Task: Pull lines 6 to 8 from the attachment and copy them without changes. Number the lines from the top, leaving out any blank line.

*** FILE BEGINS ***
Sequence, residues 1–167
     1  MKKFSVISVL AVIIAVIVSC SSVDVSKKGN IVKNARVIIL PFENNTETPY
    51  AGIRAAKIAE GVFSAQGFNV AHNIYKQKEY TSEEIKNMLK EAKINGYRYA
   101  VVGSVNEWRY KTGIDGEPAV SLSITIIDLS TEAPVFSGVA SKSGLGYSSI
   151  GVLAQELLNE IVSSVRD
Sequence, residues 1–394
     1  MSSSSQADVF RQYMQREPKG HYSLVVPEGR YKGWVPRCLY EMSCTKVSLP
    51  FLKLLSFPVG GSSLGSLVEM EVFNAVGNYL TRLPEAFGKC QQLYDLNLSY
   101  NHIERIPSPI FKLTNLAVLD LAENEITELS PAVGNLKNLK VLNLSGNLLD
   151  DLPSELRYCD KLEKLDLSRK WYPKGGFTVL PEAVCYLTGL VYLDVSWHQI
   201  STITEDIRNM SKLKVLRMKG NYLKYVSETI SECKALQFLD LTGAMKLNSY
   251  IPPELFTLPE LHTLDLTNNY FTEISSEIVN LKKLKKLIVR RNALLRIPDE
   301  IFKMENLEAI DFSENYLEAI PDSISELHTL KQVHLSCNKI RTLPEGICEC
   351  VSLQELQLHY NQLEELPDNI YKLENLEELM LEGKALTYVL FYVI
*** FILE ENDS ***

Sequence, residues 1–394
     1  MSSSSQADVF RQYMQREPKG HYSLVVPEGR YKGWVPRCLY EMSCTKVSLP
    51  FLKLLSFPVG GSSLGSLVEM EVFNAVGNYL TRLPEAFGKC QQLYDLNLSY